China’s Problematic Education System

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Since the mid-1990s, China has gone through major reforms in its education system. New campuses were built on a large scale, and many colleges were upgraded and merged with universities. College enrollments expanded dramatically. In 2009, about 23 million students were enrolled in China’s colleges and universities, compared to merely 6.4 million in 1998.

However, the quality of the education has deteriorated. Many professors spent the bulk of their time making money – charging steep consulting fees to businesses or for private tutoring. Lian Fang, a professor at Zhejiang Art Institute, told me that he charged 100,000 yuan ($15,000) to design packages and advertisements for a company that sold cookies and fruit juice products. Professor Lian’s salary was about 7,000 yuan ($1,030) a month. His wife, a music teacher, also made a handsome income by giving private piano lessons. As Harvard mathematician Yau Shing-tung noted, despite the increased levels of funding and much-improved facilities in China’s higher education institutions, the standards of research and quality of education in China have continued to deteriorate.

Most importantly, China’s schools and universities have not adopted a model that encourages creativity and innovation. Students take notes and memorize what teachers and professors say without questioning or independent thinking. As a result, many Chinese college graduates are not well suited for a workplace that requires plenty of individual initiative, critical thinking, and the ability to challenge established authority.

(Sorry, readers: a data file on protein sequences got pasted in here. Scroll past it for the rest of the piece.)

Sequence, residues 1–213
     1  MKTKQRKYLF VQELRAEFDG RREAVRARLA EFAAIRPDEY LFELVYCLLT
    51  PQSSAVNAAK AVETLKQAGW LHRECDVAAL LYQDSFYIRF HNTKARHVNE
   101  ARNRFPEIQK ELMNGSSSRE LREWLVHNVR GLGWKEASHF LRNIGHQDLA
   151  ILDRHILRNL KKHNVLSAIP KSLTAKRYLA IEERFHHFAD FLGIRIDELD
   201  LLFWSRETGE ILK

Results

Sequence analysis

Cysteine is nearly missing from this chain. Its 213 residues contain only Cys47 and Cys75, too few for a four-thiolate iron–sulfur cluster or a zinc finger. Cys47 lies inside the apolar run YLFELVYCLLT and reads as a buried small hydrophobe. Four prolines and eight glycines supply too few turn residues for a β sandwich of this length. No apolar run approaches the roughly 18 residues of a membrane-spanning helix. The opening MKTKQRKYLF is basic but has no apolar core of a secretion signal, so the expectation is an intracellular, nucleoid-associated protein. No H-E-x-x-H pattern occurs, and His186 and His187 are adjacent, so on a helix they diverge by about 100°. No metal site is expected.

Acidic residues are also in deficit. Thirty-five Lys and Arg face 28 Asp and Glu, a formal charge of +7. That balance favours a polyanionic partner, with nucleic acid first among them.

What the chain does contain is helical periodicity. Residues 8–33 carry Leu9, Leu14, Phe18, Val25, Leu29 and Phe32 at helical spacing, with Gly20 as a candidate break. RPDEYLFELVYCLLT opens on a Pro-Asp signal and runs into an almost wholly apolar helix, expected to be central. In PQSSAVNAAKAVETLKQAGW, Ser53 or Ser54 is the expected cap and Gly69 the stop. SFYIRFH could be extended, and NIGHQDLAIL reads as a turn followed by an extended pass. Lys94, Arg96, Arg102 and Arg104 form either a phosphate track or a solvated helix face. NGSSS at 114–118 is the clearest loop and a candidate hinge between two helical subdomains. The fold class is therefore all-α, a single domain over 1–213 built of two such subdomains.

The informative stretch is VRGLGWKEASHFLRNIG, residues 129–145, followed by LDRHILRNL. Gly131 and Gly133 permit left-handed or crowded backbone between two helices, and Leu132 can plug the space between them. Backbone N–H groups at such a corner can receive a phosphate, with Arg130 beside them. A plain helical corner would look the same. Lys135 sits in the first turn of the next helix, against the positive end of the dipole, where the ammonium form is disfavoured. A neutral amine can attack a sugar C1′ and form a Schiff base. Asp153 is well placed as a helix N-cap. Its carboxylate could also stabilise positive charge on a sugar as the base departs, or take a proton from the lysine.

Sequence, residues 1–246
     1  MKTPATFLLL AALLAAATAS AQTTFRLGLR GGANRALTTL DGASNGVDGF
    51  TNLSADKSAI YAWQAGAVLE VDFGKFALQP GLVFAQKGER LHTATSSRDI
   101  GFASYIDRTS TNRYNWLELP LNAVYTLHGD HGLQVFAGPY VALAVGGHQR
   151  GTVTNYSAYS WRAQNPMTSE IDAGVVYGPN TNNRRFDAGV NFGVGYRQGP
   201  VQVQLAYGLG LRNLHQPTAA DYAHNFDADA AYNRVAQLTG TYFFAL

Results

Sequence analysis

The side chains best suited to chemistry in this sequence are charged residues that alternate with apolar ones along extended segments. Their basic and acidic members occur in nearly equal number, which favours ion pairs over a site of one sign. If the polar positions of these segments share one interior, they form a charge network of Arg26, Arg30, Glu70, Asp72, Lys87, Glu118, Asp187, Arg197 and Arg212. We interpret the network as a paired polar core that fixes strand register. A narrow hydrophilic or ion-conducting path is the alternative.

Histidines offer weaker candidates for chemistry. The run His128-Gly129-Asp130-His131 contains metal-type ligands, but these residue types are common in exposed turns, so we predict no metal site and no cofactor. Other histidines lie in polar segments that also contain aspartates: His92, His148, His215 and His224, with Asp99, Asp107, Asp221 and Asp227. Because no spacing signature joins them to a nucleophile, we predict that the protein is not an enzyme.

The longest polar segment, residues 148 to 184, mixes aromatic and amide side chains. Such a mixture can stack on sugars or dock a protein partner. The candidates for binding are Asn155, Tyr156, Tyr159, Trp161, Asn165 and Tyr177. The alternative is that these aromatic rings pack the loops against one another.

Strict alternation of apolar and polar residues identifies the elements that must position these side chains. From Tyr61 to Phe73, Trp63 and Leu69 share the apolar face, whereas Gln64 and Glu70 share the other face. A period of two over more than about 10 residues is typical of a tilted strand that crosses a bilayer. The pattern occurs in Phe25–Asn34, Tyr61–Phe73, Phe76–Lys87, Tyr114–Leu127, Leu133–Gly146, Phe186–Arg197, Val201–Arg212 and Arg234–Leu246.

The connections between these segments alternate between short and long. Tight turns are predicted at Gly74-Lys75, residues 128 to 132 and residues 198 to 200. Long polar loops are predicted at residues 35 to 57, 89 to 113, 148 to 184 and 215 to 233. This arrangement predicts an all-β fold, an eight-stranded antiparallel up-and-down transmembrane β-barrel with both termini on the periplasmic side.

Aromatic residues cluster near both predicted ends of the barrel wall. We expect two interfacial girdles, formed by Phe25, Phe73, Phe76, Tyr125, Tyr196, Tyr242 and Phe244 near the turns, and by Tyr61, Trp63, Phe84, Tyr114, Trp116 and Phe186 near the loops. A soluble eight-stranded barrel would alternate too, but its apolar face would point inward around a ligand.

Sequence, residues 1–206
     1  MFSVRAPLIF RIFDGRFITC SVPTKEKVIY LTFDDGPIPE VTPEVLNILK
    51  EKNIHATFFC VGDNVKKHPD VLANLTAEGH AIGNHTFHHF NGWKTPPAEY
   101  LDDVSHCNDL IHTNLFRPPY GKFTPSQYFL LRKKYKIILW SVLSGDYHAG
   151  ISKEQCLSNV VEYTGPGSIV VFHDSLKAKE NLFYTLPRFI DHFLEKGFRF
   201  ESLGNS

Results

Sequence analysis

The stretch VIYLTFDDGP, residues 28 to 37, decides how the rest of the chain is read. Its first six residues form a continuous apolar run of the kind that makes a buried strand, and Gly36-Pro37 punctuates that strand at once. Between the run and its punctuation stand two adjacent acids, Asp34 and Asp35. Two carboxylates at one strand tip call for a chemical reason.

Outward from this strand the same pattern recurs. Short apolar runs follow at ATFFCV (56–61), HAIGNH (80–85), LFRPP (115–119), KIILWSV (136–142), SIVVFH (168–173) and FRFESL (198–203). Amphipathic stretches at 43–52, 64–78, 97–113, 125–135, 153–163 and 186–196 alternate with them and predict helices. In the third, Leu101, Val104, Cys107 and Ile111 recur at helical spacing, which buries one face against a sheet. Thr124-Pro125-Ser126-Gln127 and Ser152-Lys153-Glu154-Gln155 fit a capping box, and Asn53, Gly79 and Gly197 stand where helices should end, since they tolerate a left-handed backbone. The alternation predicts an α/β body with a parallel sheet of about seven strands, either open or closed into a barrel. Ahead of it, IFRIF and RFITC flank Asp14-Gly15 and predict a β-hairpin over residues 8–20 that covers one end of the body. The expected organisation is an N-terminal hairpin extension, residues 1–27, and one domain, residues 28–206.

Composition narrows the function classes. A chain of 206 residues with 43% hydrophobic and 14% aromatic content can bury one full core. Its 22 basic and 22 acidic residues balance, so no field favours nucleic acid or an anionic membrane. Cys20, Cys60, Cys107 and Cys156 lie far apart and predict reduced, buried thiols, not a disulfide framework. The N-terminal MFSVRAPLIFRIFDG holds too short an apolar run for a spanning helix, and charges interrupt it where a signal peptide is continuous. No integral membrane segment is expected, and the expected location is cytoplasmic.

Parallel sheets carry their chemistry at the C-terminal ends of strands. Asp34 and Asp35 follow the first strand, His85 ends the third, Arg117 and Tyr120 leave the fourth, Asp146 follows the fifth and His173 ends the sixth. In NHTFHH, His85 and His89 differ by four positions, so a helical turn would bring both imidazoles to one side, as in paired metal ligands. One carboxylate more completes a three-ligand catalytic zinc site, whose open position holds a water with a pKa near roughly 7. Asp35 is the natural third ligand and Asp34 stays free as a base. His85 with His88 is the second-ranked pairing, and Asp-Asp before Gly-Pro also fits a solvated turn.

In addition, education has become very expensive. Before 1996, the state provided free college education. Since then, college education has been commercialized. College tuition has soared 25 times over the past 15 years. If living expenses are included, the average cost for a college student is about 40,000 yuan ($5,800) per year. The annual per capita income for rural Chinese, however, is less than 3,000 yuan ($460). Many rural youths simply cannot afford a college education.

For those who go to college, the future does not necessarily look any rosier. In recent years, more than one million college graduates cannot find jobs, including many with master’s degrees and Ph.Ds. Liu Xueshan, a civil engineer in Chongqing, told me that when he graduated from college six years before, it was very easy for him to find a job that paid about 3,000 yuan ($450) per month. Now, college graduates are taking jobs with monthly salaries as low as 1,000 yuan ($150), about the same amount that rural migrants earn without a college education.

The failure of China’s education reform has cast a long shadow on the quality of the life of the new middle class. Many upper middle class families began to send their children to study overseas, in the hope of securing a better future for them. For lower middle class families, their chances for moving up may be hindered. The implications can be multifold. As a Chinese saying says, “It takes ten years to grow a tree, but it takes a hundred years to grow a person.”

(For more details, please see my forthcoming book The Chinese Dream: The Rise of the World’s Largest Middle Class.)

9 thoughts on “China’s Problematic Education System

  1. I’m enjoying your writing, but 6,430 college students in all of China in 1998? This must be a mistake… maybe 6,430,000?

  2. Hi Helen,

    I have been in Asia Pacific for 6 years providing manufatcuring support (education) to production facilities and do find that the graduates are lacking cross fuctional skills?

    My observation is that many have good education at a single subject but not an understanding on the related topics.

    Do you know the true rate of univeristy graduates actually getting jobs in there educated field of expertise?

  3. This is a good article! I was amazed about the truth in it! I want to continue my studies (Master) in China (I’m from Romania) but now I don’t know what to say …:( I’m scared about the situation…:(

  4. rote-memorization is for the 15th. century.
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